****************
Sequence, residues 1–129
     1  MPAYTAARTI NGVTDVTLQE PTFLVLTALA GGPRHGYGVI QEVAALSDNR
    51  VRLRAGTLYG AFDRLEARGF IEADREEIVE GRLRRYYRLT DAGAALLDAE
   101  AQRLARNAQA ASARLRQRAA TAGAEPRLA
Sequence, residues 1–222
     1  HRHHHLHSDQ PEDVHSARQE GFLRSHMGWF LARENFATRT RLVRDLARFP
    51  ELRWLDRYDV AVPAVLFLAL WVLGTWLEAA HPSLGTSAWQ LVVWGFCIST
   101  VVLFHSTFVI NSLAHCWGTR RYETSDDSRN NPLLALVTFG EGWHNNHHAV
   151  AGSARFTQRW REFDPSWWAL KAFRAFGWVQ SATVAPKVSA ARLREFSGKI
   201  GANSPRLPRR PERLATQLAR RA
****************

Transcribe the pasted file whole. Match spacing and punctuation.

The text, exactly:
Sequence, residues 1–129
     1  MPAYTAARTI NGVTDVTLQE PTFLVLTALA GGPRHGYGVI QEVAALSDNR
    51  VRLRAGTLYG AFDRLEARGF IEADREEIVE GRLRRYYRLT DAGAALLDAE
   101  AQRLARNAQA ASARLRQRAA TAGAEPRLA
Sequence, residues 1–222
     1  HRHHHLHSDQ PEDVHSARQE GFLRSHMGWF LARENFATRT RLVRDLARFP
    51  ELRWLDRYDV AVPAVLFLAL WVLGTWLEAA HPSLGTSAWQ LVVWGFCIST
   101  VVLFHSTFVI NSLAHCWGTR RYETSDDSRN NPLLALVTFG EGWHNNHHAV
   151  AGSARFTQRW REFDPSWWAL KAFRAFGWVQ SATVAPKVSA ARLREFSGKI
   201  GANSPRLPRR PERLATQLAR RA